The climate change negotiations in Copenhagen in December 2009 will be the most important since the Kyoto Summit in 1997. Approximately, 190 countries are participating in an effort to reach an agreement to reduce the greenhouse gases. The negotiations and their outcome will have far-reaching impact on economies and businesses. But like all multi-party negotiations, these too are complex and intricate. Yet understanding them is critical for the future of your business. Here’s a primer.
What are the Copenhagen talks about and why are they important?
Countries across the world are working on an ambitious climate change deal, as a follow-up to the first phase of Kyoto Protocol. This deal will fix the commitments that developed countries will make towards cutting their greenhouse gas emissions after 2012. In the first commitment period from 2008-2012, the developed countries (known as Annex I countries in Kyoto) were supposed to cut their combined emissions by 5.2 per cent from the base year of 1990. That hasn’t happened for the most part.
What is at stake?
Well, quite simply, the global environment. Greenhouse gases have already caused a significant melting of the polar ice caps, aberrant and destructive weather patterns such as cyclones and drought, all of which have devastating consequences. Without an accord on reducing CO2 levels, an environmental disaster lurks in the not-too-distant future. Any climate change deal will have far-reaching impact on the immediate and longterm business plans of India Inc.
|India pollutes rest than the rest per capita, but will catch up as its economy develops.|
|Emissions are reported in carbon dioxide equivalent|
What will the conference try and accomplish?
According to the Inter-governmental Panel for Climate Change (IPCC), India is at the forefront of limiting the adverse effects of climate change, so it concerns India enormously when the world gets together to reach a consensus on how to do this. Second, the Copenhagen conference will aim for clarity on the nationally appropriate mitigation actions that developing countries could undertake. Third, the conference will try and define stable and predictable financing to help the developing world reduce greenhouse gas emissions. And finally, it will try and identify institutions that will allow technology and finance to be deployed. These actions will have significant bearing on India’s path to development.
What is India’s position? Who is aligned with and against it?
A: India will not exceed the per capita emissions of the developed world. However, India believes that climate change is a global challenge that requires a global response. Hence, no ambitious action on climate change is possible without developed economies bearing their fair share of the burden. In the meantime, India says it will do as much as it can as per the National Action Plan on Climate Change.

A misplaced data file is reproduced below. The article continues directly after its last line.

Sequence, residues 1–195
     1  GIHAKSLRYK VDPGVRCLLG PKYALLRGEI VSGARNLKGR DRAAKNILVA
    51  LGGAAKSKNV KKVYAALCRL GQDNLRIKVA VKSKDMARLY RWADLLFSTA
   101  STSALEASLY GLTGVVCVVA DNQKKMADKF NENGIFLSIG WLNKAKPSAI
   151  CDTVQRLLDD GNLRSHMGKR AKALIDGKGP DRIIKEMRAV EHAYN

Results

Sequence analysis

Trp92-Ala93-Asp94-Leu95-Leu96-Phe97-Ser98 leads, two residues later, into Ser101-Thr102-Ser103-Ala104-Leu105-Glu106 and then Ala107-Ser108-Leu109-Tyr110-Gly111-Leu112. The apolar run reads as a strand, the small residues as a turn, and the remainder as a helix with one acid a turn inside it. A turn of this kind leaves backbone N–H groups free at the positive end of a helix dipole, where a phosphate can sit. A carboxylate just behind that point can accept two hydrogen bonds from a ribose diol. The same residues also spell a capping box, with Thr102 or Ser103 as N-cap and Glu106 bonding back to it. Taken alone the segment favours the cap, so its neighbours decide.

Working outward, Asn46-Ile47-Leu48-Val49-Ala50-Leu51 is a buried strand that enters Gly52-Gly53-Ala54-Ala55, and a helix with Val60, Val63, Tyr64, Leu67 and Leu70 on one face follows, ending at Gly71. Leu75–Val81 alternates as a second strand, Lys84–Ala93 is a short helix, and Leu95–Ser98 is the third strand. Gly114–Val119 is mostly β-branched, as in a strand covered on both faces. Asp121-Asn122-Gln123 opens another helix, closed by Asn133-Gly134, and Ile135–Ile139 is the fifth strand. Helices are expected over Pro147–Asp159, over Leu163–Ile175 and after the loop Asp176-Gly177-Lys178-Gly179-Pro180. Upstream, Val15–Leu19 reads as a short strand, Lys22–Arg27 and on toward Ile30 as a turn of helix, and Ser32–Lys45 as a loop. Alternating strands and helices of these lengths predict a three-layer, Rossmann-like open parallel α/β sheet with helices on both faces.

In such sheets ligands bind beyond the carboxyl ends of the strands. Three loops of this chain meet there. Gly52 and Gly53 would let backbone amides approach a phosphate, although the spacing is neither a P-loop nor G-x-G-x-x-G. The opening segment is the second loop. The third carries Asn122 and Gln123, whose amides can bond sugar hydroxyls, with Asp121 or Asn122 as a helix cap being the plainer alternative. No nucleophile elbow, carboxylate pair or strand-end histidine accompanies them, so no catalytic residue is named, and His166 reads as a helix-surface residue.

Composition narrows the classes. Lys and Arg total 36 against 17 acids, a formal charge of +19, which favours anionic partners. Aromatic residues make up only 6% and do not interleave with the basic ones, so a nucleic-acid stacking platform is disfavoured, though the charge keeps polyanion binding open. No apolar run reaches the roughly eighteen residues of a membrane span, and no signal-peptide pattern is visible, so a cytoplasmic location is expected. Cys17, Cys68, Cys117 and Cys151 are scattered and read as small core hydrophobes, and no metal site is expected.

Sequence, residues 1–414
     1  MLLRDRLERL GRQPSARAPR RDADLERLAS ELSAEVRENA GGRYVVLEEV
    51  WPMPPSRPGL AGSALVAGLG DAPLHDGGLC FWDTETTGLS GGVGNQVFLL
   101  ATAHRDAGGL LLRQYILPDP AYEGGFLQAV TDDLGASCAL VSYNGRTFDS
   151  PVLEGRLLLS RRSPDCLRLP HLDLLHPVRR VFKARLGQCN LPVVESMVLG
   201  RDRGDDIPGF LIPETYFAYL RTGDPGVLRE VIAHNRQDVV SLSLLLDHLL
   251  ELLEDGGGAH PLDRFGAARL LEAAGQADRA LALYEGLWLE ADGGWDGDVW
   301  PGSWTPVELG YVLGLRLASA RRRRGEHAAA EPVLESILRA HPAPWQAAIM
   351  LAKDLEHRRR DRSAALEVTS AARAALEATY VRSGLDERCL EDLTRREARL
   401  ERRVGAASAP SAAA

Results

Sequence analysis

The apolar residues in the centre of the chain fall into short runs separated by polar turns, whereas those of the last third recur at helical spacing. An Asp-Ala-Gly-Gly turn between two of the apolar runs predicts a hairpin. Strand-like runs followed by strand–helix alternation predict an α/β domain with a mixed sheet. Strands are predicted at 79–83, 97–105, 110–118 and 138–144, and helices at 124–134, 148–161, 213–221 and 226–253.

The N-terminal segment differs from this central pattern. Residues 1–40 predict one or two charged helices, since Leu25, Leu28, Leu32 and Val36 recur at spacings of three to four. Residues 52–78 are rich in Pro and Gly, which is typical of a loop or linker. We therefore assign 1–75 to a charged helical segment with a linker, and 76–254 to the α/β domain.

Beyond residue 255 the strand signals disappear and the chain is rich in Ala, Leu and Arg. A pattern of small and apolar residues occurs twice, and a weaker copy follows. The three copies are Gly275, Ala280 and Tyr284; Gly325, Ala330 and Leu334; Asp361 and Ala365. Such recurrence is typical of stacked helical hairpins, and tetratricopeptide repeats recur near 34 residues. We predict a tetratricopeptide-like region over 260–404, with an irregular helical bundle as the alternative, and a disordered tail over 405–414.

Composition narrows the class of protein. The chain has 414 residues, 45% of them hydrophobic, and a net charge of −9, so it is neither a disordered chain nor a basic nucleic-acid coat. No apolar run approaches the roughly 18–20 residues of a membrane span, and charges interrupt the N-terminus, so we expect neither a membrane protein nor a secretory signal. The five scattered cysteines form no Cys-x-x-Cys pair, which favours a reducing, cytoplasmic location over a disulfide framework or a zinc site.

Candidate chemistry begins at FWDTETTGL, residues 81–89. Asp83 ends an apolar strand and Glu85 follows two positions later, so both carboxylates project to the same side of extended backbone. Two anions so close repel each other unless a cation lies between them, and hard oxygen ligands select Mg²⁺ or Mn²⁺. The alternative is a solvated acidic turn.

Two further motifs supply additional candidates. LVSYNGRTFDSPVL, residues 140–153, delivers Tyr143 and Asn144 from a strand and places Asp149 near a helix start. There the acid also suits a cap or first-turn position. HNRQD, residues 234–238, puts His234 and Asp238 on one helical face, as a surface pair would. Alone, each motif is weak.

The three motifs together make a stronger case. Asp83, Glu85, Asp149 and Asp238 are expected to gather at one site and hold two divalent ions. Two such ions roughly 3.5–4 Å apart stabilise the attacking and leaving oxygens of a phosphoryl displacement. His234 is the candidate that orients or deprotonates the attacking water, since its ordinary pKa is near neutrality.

Since over 700 million people are likely to be affected in the country, India has a stake in doing its bit on climate change but with only 5 per cent of global CO2 emissions at 1.2 tonnes per capita per annum, India says it is hardly in a position to cut its emissions. Most developing countries who expect their emissions to rise from very low levels as they traverse the development path are aligned with India’s position. Even countries like China who are, in absolute terms, high emitters, are allied with it, so far. However, developed countries, notably the United States, which has in the past eight years done little to fulfill its Kyoto commitments, believe that unless countries like India and China also make binding commitments, no sensible action on climate change will happen.
Has the commitment to limit climate change within the 2-degree band diluted India’s position?
In real terms, there is no dilution. However, since India has, for a long time, stayed away from making any commitments on cutting its emissions, many have inferred this statement to be a subtle reneging on commitments. Multilateral negotiations are complex and need to take into account the concerns of various parties. This statement proves that India intends to do what it can on climate change, but it cannot be construed as a commitment to cut emissions.
What does it hope to achieve from the talks?
India expects a robust framework that forces developed countries to take on more stringent commitments towards reducing emissions. It also expects a framework which will outline funding and technology transfers to developing countries to help them adopt green solutions.
What are the possible outcomes? What is the worst case scenario and its consequences?
There are three possible outcomes— a breakthrough climate change deal, a complete failure of talks where developed countries do not make any commitments to the post-2012 period, or a more plausible interim solution where some issues are worked out. Copenhagen is unlikely to be the endpoint as far as climate change talks are concerned. While the second scenario could possibly be the worst case scenario, with the Obama administration in power in the US, the world is quite hopeful that something constructive will come out of the talks.